One of the best-known resources comes from PriceStats, a company born out of a Massachusetts Institute of Technology initiative known as the Billion Prices Project in 2008. The project grew out of research conducted by economists Alberto Cavallo, now at Harvard, and Roberto Rigobon.

PriceStats, which partnered with State Street in 2011 to bring its data to the financial services industry, scours the web, tracking daily price changes on a huge basket of goods in 23 economies. PriceStats focuses only on “multi-channel” retailers that offer products both online and offline, eliminating large online-only retailers, including the e-commerce juggernaut Inc. AMZN,

PriceStats retrieves product descriptions and prices, sorting them by classifications. It calculates the price changes each day and uses the official weights used in a particular country’s inflation gauge to create an index.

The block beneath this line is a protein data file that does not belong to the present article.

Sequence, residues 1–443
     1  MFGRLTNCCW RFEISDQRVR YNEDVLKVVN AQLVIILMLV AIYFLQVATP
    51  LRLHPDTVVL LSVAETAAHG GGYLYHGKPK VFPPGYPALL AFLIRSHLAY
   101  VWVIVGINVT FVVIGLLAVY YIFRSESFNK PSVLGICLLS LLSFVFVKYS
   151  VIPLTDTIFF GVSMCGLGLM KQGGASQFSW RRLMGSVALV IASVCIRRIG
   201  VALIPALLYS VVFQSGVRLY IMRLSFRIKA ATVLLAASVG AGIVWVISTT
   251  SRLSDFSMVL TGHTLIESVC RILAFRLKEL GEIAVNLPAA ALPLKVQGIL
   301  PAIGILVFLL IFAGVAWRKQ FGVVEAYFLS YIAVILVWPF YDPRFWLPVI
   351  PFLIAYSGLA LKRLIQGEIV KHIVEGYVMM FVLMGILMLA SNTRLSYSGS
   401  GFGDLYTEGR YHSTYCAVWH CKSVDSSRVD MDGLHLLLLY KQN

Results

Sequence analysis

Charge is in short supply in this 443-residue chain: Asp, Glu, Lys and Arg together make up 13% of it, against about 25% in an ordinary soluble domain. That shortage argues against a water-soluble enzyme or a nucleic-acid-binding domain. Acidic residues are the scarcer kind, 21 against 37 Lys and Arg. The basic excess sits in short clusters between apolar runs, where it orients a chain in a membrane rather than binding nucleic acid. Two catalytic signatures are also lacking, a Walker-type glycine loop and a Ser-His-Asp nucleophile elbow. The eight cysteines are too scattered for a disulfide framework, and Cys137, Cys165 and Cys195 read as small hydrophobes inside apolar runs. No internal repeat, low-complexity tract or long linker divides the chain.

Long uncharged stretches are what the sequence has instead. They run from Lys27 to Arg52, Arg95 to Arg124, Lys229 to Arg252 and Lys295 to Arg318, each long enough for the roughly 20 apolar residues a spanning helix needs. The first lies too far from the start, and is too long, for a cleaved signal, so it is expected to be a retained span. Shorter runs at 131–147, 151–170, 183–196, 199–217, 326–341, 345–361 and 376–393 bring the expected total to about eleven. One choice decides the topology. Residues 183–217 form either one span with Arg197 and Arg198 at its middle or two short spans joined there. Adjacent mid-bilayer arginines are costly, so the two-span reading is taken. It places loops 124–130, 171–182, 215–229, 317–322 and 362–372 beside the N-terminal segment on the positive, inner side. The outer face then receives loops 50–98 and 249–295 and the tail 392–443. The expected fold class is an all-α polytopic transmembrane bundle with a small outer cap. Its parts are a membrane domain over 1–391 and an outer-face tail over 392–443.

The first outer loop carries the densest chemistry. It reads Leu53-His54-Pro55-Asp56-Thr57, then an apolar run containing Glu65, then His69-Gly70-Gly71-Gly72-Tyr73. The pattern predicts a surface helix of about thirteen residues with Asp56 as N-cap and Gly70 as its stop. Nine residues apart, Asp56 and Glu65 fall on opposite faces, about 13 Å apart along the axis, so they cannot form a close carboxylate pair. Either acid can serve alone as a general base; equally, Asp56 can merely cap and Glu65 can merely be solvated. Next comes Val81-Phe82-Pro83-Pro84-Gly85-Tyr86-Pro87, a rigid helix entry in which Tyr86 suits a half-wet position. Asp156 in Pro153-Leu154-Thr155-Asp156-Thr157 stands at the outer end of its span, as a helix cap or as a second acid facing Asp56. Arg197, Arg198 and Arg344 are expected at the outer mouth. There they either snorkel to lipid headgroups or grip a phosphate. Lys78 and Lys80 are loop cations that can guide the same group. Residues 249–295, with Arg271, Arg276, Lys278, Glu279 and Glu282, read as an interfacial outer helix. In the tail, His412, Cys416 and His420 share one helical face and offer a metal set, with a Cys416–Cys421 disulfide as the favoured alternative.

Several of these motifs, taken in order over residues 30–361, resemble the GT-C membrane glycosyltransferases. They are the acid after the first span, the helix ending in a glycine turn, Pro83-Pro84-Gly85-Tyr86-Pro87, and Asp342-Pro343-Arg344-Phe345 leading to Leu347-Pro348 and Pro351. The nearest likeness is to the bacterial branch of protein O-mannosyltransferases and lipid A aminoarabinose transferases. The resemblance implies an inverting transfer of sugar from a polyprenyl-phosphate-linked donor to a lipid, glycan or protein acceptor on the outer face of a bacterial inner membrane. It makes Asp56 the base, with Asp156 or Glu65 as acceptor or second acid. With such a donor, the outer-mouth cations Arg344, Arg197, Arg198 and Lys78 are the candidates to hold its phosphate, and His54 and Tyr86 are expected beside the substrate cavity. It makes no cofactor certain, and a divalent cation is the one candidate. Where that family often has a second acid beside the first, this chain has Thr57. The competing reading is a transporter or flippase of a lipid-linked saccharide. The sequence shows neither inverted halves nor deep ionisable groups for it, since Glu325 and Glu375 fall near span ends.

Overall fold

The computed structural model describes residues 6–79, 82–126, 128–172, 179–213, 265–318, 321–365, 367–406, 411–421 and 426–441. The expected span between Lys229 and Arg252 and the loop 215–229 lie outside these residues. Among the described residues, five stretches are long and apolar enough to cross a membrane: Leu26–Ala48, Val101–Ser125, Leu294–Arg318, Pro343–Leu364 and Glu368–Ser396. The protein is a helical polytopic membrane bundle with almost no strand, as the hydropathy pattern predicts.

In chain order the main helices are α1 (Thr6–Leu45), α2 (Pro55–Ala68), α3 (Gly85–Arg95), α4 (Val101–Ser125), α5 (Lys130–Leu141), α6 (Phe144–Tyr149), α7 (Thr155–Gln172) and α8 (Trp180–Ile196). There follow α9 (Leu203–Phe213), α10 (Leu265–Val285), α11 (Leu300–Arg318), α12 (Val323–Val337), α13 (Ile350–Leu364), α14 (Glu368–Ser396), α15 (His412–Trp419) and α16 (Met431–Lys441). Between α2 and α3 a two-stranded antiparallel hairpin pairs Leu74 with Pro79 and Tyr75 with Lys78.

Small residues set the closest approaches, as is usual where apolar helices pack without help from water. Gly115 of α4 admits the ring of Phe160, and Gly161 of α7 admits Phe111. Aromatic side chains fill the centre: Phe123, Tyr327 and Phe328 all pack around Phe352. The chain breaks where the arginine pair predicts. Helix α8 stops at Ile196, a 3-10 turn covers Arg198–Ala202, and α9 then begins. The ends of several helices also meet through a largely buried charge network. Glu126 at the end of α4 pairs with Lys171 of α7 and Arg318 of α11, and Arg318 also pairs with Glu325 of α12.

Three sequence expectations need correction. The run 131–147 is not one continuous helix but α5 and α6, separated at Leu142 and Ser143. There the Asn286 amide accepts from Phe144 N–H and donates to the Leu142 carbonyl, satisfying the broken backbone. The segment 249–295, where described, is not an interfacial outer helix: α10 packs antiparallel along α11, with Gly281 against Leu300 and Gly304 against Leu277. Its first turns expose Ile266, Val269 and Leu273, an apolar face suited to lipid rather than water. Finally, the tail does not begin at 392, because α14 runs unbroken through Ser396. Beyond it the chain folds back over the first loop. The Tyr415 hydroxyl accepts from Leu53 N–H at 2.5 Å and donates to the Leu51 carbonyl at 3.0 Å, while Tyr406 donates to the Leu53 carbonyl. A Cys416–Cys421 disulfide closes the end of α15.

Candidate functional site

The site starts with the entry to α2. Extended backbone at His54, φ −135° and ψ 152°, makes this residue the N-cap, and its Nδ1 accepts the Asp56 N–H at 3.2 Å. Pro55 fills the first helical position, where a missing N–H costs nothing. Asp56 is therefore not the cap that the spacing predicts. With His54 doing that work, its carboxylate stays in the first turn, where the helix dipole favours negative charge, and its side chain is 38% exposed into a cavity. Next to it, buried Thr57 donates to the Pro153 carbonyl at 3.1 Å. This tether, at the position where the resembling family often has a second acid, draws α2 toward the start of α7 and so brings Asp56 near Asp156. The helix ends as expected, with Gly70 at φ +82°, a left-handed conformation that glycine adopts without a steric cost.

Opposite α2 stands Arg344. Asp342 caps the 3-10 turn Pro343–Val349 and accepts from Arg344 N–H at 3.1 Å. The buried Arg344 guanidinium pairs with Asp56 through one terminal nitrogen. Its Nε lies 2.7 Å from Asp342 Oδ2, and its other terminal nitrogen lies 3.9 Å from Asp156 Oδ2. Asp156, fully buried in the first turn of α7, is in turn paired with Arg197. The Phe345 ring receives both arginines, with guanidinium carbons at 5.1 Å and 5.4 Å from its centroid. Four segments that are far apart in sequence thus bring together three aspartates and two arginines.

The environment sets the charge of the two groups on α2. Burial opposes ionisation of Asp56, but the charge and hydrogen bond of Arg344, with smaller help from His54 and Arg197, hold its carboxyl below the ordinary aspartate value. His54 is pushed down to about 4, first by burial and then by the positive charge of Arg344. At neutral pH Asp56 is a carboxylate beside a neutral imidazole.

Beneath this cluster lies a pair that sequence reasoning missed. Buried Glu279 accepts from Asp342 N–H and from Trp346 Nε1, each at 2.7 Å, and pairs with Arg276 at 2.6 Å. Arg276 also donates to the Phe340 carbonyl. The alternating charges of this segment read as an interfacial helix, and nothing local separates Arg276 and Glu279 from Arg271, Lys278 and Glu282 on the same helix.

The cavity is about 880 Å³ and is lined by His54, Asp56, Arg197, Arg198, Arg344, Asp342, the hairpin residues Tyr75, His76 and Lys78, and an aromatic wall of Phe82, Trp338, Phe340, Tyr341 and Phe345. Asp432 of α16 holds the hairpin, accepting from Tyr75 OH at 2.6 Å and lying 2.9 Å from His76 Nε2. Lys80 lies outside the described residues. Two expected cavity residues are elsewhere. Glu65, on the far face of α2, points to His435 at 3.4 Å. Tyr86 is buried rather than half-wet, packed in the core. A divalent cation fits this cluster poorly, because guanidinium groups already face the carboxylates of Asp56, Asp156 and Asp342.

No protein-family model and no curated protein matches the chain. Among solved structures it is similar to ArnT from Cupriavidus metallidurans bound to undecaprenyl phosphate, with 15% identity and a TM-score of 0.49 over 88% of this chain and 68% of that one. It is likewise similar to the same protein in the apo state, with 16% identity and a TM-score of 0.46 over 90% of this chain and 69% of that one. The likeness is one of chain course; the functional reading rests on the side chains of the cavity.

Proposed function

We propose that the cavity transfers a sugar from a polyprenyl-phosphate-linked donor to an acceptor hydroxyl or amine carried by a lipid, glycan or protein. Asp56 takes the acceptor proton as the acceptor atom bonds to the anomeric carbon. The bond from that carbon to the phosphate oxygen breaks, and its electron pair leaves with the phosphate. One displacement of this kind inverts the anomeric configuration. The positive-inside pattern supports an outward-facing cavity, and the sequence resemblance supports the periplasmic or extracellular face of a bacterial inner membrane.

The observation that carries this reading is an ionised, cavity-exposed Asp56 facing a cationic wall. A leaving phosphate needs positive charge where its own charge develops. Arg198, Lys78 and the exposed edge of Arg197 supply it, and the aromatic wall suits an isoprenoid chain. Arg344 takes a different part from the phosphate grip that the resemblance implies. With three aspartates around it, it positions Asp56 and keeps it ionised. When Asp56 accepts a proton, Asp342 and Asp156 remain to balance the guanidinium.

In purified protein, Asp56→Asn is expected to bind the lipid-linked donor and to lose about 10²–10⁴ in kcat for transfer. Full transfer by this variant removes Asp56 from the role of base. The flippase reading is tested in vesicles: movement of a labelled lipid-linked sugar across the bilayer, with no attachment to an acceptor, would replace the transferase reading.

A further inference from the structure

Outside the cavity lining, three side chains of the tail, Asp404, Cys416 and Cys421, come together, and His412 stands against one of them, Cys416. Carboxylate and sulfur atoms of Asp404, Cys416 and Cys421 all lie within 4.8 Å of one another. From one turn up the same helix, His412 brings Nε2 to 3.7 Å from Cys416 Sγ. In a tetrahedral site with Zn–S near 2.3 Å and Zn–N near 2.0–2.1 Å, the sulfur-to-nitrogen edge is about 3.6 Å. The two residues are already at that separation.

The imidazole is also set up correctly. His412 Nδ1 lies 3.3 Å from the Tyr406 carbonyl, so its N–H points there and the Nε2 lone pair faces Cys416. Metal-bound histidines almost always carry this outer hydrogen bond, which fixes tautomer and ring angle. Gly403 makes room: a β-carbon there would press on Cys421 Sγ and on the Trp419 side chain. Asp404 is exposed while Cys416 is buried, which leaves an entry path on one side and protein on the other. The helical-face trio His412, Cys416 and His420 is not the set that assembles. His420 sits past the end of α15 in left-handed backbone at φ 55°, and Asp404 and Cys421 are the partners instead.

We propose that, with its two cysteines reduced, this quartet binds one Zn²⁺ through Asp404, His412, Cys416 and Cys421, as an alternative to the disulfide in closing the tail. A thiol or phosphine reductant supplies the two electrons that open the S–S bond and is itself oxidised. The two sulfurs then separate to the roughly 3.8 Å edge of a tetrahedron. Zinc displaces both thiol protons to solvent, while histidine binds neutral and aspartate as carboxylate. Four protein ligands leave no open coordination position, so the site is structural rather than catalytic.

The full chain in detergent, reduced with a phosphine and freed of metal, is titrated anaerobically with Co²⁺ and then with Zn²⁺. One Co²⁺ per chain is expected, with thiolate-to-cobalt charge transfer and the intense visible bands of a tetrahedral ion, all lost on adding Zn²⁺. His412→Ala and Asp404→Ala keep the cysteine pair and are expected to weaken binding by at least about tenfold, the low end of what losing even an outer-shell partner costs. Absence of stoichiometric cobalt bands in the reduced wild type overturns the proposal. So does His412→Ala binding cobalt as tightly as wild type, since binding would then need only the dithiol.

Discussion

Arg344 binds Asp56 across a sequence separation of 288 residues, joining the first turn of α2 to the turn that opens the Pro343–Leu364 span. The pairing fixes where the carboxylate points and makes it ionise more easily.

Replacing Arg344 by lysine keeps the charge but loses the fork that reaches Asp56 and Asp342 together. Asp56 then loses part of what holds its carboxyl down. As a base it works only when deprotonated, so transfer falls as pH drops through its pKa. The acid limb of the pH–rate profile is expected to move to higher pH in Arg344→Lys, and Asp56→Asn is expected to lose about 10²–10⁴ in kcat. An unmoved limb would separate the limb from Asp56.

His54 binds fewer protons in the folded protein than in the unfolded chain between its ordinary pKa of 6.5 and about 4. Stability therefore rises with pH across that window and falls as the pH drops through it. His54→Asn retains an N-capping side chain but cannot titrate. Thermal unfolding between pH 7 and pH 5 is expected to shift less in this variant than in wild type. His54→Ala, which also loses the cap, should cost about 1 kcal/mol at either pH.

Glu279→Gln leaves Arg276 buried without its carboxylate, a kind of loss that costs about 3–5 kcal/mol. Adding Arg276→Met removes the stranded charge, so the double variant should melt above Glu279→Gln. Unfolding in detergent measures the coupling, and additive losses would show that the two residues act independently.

The result is a real-time overview of a large basket of goods for each country. Of course, not everything is online. And PriceStats, for example, doesn’t track used car prices, which have skewed US inflation data in recent months. It also doesn’t track house prices, for example, but offers proxies, such as building materials, which have historically tracked those prices closely.

The data offers a snapshot of inflationary pressures with a lag of around two days, as opposed to the multi-week lag offered by official data, said Marvin Loh, senior global markets strategist at State Street, in an interview. Equally important is having a set of prices for 21 different countries, he said, because inflation is a global topic, which makes it possible to see how global price pressures play out in each. country and region.